Article in the newspaper detailing the layoffs that continue to happen around the world because of the SARS-CoV-2 coronavirus pandemic - Source: James Yarema, Unsplash - https://unsplash.com/photos/z0rAZ0ghlB4

The data from this report was collected via the BLS' monthly survey of business establishments covering pay periods including 12 March 2020, and as such, represents a snapshot in time from just before President Trump declared a national emergency on 13 March 2020 and a week before state governors began ordering residents to stay-at-home and statewide business closures on 19 March 2020.

In the two weeks since then, the number of initial unemployment insurance claims has spiked sharply upward, breaking previous records, with 3.3 million filing new unemployment claims as of 26 March 2020 and another 6.6 million on 2 April 2020.

Those newly unemployed Americans will be showing up on the April 2020 employment situation report, but the bigger question begging to be answered is how high could U.S. unemployment rise in the coronavirus recession?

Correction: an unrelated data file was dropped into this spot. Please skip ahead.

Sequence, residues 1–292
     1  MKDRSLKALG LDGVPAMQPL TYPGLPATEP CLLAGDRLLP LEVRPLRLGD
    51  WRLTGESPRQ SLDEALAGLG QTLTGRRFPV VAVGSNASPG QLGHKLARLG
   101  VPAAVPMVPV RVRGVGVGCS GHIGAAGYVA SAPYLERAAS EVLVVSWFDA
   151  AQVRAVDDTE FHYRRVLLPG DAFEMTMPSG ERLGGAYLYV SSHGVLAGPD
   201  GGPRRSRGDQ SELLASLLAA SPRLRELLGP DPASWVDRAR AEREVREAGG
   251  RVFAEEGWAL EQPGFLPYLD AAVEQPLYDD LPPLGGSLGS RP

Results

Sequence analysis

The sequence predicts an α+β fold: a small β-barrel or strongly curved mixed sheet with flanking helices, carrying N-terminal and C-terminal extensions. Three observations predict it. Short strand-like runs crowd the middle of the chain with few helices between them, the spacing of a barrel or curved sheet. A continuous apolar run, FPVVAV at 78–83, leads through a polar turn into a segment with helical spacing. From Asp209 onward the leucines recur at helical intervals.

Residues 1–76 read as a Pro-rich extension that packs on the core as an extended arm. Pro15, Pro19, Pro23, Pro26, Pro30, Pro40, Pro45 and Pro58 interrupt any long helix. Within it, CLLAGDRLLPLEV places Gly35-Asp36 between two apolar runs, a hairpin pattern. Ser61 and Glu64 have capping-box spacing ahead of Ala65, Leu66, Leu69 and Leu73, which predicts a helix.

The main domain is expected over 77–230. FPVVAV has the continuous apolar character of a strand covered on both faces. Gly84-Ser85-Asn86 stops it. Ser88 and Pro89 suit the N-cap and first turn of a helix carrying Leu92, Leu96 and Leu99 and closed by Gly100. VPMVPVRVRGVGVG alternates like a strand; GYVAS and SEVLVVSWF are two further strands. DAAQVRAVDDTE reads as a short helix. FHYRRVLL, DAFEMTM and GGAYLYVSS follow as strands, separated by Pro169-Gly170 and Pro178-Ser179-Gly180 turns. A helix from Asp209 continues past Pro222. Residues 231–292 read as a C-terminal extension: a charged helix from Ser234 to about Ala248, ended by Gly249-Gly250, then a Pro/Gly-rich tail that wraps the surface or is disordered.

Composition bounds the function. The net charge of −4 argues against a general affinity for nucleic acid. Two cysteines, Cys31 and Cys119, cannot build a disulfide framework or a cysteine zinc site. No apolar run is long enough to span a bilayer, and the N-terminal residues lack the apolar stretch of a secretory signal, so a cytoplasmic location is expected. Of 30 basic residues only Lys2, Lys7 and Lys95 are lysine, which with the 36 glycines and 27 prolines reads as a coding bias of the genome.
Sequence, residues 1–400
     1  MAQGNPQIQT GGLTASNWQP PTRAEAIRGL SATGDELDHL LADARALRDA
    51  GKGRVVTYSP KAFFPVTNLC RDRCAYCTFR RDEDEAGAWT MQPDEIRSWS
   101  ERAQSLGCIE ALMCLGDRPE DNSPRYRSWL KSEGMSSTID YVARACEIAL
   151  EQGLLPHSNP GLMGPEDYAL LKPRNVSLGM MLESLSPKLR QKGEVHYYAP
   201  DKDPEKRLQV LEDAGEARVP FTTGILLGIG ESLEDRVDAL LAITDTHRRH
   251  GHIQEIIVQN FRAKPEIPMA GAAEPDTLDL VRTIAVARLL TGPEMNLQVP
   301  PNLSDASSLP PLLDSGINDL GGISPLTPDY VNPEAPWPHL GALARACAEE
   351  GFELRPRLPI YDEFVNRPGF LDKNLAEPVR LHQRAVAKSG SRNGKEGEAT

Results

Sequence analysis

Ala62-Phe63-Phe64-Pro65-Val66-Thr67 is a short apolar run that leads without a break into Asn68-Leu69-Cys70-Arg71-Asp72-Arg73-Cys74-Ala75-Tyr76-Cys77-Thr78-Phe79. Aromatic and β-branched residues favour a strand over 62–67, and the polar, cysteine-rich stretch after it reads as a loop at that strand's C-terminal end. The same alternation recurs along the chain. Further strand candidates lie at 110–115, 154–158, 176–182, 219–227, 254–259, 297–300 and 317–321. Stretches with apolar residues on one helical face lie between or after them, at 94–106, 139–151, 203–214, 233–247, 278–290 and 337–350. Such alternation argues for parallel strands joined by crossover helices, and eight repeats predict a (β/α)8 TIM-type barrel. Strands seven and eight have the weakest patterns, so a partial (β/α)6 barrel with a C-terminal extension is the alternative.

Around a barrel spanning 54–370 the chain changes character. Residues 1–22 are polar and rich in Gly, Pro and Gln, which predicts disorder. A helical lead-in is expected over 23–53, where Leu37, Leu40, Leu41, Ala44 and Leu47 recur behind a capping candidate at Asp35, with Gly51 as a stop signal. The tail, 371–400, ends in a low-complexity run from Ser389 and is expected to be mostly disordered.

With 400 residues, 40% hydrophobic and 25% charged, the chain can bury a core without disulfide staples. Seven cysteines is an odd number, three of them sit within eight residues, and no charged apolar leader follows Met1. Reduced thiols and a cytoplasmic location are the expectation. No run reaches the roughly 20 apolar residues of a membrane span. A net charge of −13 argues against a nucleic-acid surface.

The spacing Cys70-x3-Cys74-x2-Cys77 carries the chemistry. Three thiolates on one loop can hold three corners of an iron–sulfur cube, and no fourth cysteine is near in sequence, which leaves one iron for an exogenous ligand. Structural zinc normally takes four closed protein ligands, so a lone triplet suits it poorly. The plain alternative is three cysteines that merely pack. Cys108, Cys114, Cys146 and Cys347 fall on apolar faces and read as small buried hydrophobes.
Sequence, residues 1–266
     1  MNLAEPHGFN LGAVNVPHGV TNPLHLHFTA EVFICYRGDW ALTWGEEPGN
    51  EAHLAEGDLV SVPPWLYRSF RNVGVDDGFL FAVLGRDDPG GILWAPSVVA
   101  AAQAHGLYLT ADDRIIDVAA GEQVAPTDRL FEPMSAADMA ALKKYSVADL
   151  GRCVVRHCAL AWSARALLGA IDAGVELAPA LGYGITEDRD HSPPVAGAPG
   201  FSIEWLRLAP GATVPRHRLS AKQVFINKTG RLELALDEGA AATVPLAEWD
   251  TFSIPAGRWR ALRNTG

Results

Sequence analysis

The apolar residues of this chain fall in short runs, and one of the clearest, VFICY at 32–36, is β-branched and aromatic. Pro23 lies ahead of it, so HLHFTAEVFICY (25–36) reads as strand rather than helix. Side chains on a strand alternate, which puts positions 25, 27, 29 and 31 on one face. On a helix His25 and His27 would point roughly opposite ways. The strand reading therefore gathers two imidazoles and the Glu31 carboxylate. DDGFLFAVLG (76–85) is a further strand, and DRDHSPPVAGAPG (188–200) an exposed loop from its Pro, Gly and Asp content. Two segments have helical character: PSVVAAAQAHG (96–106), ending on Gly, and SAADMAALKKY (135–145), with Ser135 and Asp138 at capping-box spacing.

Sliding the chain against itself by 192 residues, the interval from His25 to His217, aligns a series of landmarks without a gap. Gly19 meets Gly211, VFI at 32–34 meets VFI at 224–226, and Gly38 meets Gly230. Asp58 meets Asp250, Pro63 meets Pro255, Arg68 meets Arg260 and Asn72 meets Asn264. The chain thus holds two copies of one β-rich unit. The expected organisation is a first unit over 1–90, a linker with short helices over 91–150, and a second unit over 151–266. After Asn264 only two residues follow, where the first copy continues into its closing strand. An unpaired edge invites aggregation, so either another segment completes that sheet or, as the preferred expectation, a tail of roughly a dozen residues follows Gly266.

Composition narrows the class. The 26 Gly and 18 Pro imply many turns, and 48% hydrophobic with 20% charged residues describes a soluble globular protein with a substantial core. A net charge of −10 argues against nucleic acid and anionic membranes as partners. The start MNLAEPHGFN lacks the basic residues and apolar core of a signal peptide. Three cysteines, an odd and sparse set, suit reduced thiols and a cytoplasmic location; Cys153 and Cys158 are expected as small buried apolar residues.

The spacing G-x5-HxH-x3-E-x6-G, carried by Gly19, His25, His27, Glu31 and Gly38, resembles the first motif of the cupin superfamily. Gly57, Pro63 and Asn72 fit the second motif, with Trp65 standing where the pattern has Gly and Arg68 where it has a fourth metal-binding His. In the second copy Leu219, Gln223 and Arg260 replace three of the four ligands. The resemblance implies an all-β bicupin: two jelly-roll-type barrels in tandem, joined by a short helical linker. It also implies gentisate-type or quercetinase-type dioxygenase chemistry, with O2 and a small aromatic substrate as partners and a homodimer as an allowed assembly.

Back on 22 March 2020, St. Louis Federal Reserve Bank president Jim Bullard estimated the unemployment figure may hit 30% during the second quarter of 2020, but where does that number come from? After all, the unemployment rate in February 2020 was 3.5%, and that would be a huge change.

The St. Louis Fed's Miguel Faria-e-Castro worked through step-by-step how that back of the envelope estimate was calculated. In the following passage, we've added the links to the blog posts he references, other data he cites may be accessed via the Federal Reserve Economic Database (FRED):

  1. Civilian labor force in February 2020 = 164.5 million (BLS via FRED)
  2. Unemployment rate in February 2020 = 3.5% (BLS via FRED)
  3. Unemployed persons in February 2020 = 5.76 million (#1 * #2)
  4. Workers in occupations with high risk of layoff = 66.8 million (Gascon blog post)
  5. Workers in high contact-intensive occupations = 27.3 million (Famiglietti/Leibovici/Santacreu blog post)
  6. Estimated layoffs in second quarter 2020 = 47.05 million (Average of #4 and #5)
  7. Unemployed persons in second quarter 2020 = 52.81 million (#3 + #6)
  8. Unemployment rate in second quarter 2020 = 32.1% (#7 / #1)